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Old June 16, 2001, 08:14 PM   #1
SloSolo2
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live ammo disposal question

I need some help and wasn't quite sure which forum to post this in. I have a .22 cartridge of which the bullet has become damaged in a way I don't want to put it through my gun. How can I safely dispose of it otherwise? I do not have a bullet puller. Since I currently only reload shot shells I'd rather not buy one for this.

Thanks,
Jamie
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Old June 16, 2001, 08:26 PM   #2
Mal H
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.22's come apart very easily if you grasp the bullet with a pair of pliers and rock it back and forth and twist it out. Wear thick leather gloves if you wish, and, as always, wear safety glasses. But the chances of it going off are ... well, you'ld have better odds if you go buy a lottery ticket.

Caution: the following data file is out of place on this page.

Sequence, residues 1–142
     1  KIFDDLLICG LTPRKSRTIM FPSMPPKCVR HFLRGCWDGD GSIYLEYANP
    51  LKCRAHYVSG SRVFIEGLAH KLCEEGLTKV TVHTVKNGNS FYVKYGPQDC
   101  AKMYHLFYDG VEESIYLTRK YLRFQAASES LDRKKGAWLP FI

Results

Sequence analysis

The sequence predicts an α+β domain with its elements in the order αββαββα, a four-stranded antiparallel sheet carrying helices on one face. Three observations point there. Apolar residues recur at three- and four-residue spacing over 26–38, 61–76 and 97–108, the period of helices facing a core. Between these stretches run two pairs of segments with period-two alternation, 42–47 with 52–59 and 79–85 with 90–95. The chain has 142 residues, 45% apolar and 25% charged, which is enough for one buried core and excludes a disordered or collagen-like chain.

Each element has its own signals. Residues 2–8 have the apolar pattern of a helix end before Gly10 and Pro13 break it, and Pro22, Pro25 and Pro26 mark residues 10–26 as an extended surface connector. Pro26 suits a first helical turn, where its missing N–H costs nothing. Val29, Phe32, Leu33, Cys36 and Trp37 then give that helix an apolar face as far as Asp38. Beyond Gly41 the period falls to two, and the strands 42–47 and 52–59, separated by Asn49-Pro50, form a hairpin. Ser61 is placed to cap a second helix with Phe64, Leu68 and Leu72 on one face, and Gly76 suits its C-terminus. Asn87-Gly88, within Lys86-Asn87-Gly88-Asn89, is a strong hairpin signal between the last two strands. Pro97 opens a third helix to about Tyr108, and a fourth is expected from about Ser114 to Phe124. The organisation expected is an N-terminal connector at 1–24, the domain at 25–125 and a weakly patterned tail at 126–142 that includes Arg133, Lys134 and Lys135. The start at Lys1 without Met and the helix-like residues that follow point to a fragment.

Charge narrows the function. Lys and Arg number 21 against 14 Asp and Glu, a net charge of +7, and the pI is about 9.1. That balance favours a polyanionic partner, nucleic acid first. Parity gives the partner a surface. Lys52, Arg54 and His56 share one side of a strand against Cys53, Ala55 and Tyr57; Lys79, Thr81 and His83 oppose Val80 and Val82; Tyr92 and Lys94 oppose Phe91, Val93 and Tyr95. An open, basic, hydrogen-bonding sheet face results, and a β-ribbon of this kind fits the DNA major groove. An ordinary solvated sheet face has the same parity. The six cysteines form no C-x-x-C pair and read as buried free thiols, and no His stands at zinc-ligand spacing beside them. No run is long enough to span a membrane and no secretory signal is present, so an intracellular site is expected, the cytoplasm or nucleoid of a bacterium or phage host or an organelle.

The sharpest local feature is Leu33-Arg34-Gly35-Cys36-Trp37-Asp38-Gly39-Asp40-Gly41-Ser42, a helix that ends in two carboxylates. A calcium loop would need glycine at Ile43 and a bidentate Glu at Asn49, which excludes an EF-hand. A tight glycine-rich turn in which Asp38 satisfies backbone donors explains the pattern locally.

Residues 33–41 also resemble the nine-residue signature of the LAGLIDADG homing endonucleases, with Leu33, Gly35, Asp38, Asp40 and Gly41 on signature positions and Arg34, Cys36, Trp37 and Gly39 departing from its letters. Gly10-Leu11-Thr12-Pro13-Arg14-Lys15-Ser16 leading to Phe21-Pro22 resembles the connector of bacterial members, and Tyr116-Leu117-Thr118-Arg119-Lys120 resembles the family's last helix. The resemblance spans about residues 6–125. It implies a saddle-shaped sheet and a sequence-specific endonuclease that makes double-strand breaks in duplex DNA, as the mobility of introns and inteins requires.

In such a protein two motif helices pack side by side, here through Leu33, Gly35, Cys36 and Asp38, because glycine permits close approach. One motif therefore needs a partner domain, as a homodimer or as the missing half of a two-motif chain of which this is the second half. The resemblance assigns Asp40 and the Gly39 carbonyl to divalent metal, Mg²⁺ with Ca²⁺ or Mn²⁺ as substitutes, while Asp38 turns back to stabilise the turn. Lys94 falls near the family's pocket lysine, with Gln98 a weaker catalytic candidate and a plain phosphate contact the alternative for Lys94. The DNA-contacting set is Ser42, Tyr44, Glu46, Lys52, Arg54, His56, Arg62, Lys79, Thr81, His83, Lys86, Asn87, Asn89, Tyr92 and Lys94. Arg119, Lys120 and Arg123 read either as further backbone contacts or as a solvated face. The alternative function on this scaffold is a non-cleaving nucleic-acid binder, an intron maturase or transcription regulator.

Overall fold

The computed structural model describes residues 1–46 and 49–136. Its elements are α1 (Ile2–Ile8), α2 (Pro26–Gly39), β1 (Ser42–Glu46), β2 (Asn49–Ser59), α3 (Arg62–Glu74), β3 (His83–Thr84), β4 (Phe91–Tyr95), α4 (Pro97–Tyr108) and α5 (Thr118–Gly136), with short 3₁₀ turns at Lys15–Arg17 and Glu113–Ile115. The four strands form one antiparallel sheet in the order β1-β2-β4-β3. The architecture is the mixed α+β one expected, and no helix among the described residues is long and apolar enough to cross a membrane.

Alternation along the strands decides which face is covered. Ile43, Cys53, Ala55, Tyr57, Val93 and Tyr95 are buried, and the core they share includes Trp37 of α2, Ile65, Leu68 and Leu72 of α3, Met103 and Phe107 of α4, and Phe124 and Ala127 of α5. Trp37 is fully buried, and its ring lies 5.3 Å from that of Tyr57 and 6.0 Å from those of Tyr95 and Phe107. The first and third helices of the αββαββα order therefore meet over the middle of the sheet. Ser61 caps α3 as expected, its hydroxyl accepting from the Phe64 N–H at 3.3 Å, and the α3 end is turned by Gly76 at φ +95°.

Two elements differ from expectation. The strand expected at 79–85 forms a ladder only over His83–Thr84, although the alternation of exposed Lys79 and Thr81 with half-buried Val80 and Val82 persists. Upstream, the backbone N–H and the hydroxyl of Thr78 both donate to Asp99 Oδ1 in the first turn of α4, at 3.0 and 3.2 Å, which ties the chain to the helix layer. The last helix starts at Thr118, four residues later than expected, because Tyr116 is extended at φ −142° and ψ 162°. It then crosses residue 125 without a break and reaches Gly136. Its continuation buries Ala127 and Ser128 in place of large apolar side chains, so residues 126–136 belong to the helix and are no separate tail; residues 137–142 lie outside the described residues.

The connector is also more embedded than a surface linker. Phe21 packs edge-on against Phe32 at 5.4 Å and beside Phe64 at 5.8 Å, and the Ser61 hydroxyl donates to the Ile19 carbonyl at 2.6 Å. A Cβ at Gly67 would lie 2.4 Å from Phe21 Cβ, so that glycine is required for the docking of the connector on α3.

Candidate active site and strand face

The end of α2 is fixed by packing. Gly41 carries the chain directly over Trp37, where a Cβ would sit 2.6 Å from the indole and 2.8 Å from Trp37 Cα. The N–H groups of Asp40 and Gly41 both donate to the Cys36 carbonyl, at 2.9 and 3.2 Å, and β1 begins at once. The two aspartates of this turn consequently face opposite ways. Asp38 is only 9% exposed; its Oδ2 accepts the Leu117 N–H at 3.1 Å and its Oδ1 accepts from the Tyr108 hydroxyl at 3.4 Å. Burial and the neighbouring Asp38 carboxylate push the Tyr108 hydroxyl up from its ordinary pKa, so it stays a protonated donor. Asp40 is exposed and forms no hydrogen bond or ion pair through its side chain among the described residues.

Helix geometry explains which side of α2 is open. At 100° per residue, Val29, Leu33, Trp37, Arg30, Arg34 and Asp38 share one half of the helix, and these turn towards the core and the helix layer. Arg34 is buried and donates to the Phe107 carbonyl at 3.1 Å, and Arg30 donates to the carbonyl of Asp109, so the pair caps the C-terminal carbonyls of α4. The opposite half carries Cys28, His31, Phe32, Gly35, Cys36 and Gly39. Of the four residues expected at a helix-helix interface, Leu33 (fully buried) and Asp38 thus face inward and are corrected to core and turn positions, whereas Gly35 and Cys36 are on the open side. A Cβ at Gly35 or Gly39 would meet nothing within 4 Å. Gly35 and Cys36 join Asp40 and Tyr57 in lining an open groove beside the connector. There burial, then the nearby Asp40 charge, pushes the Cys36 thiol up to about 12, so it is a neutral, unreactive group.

Personally, I'd just throw it away without a thought about it. Even if it goes off in a burning trash dump, it won't cause any harm to the attendants.
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Old August 11, 2001, 02:52 PM   #3
Big Lou
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I agree with Mal H........I toss damaged cartridges in the trash and don't worry about it. Most trash is landfilled, so there's no concern there. Even if it gets burned, a cartridge cooking off is not much different from the many millions of aerosol cans that are in the trash. Now those can really burst!

One other tip.......remember the primer material is inside the rim on rimfire cartridges, so NEVER use an inertia bullet puller on them.
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Old August 12, 2001, 06:00 AM   #4
Hal